Teriyaki Salmon

I lived in Seattle for about 5 years, and one thing I absolutely adored is the teriyaki. However, the teriyaki most of us who live outside Japan are familiar with is very different from the traditional teriyaki. This is not only in the flavor of the sauce (traditional sauce tends to be more savory than sweet) but also the choice of meat. In Japan, fish are usually the preferred protein to go with this sauce, whereas most places outside Japan like to use chicken & beef. The preparation method is also very different, very often, the fish are not marinated but simply seared/grilled then brushed with a layer of sauce, which make the natural flavor of the fish more outstanding. Despite all that, everyone has their favorites, and for me personly, the two style has diverged so much from each other that I wouldn’t even consider them to be the same dish, and I enjoy them both equally.

 

You’ll need:

  • 1 lb salmon with skin (very important to have the skin on, once you fry it, it will become crispy like chips)
  • 1 tbsp oil
  • 1 tbsp sake (or Chinese rice wine or dry sherry)
  • 1 tbsp mirin (or 1 tbsp sake + 1 tsp sugar)
  • 1 tbsp sugar
  • 2 tbsp soy sauce

How to make this:

  1. Slice the salmon across into 2-3 inch wide pieces, this will help the skin crisp up faster, pad them dry with some paper towel and lightly season it with salt and black pepper
  2. Heat up a skillet over medium-high heat with the oil, when the pan is heated, place the salmon skin down onto the pan, there will be some oil splatters if you didn’t dry the skin enough, so make sure the salmon skin are dried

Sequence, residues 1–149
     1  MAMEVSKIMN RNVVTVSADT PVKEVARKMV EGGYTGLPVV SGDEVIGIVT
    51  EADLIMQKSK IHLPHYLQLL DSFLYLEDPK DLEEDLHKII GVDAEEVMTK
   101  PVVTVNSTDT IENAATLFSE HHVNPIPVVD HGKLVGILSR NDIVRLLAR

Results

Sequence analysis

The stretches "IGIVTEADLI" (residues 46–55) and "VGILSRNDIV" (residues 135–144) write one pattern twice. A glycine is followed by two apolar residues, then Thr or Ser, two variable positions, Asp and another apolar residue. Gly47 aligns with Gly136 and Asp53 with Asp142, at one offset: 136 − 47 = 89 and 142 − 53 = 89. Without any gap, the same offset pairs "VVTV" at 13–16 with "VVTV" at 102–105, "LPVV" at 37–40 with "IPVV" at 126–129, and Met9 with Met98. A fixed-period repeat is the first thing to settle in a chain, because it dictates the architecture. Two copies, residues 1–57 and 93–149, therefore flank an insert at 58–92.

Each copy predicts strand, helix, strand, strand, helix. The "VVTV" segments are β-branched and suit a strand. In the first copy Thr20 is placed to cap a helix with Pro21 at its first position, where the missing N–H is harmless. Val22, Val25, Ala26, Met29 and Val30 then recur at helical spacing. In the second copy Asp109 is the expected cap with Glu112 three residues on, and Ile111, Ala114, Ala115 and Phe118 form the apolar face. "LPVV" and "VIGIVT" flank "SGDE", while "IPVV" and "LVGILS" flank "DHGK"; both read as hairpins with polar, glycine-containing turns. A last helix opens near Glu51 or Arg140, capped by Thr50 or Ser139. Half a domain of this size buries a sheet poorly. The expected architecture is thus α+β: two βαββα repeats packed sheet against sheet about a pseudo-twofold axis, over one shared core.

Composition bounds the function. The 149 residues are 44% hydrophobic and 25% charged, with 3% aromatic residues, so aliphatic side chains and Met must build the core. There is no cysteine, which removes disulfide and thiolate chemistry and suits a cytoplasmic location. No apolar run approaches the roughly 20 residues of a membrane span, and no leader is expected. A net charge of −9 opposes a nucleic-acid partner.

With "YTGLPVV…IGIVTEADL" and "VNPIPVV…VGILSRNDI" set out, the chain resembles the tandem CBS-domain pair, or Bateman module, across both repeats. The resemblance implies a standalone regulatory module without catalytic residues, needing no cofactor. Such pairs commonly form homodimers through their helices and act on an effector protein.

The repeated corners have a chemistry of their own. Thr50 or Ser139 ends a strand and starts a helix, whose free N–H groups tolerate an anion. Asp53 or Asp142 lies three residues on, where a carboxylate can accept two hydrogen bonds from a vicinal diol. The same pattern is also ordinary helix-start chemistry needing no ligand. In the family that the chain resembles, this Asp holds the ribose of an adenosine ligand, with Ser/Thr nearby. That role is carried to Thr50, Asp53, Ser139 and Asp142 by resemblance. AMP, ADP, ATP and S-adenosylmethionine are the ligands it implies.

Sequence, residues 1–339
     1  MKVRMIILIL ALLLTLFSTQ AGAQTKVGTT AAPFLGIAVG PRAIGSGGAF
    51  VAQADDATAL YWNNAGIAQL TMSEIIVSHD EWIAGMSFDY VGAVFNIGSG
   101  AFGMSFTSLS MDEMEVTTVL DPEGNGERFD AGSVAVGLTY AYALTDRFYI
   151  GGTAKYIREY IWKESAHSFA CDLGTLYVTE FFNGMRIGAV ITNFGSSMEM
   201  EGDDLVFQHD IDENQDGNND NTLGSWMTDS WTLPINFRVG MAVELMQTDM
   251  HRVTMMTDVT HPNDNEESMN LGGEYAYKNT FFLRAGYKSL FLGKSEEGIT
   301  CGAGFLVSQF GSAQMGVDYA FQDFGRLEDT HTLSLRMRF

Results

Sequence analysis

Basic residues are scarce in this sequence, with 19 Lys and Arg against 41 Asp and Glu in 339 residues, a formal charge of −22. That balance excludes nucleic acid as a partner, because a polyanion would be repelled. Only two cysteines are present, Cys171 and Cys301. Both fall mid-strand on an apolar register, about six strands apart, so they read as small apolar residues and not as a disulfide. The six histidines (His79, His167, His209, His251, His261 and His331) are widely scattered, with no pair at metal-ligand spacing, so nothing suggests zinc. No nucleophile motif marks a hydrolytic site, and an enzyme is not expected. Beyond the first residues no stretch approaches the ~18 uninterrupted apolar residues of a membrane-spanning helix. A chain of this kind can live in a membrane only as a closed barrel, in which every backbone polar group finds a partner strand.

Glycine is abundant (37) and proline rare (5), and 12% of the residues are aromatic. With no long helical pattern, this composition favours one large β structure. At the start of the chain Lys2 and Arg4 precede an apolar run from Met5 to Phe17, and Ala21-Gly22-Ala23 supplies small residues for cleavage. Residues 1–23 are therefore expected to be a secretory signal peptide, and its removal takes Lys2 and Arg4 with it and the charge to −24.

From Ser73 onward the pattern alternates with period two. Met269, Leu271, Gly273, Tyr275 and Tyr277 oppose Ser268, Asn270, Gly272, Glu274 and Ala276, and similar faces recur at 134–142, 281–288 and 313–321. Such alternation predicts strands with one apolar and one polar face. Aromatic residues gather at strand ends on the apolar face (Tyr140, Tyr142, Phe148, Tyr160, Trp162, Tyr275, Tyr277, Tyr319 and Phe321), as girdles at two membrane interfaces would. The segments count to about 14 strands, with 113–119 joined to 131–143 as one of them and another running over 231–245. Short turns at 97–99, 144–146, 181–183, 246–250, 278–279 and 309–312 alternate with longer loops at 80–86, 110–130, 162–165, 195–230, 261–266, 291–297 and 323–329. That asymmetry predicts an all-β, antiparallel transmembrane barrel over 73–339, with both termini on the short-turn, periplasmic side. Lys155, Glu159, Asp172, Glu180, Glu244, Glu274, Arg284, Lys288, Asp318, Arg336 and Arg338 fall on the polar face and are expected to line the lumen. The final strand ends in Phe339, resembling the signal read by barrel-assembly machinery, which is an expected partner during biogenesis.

3. Bring the heat down to medium, then let it sear for 2-3 min or until the skin has crispened up (or no longer sticks to the pan), then flip the salmon over, turn up the heat a little bit, then pour in the sake, mirin, sugar & soy sauce mix, once it starts to simmer, turn the heat back to medium and  let the sauce slowly thickens, this will take about 2-3 min, do not cover the pan at any point
  4. Once the sauce holds a syrup like texture, it means the salmon is done too, place the salmon on another plate, then brush on the chicken sauce, which at this point is more like a beautiful glaze
  5. Sprinkle with some sesame seeds and chopped spring onion, serve it with some rice and steamed veg

 

If you want to find out how to make the non-tridtional teriyaki chicken, you can find it here

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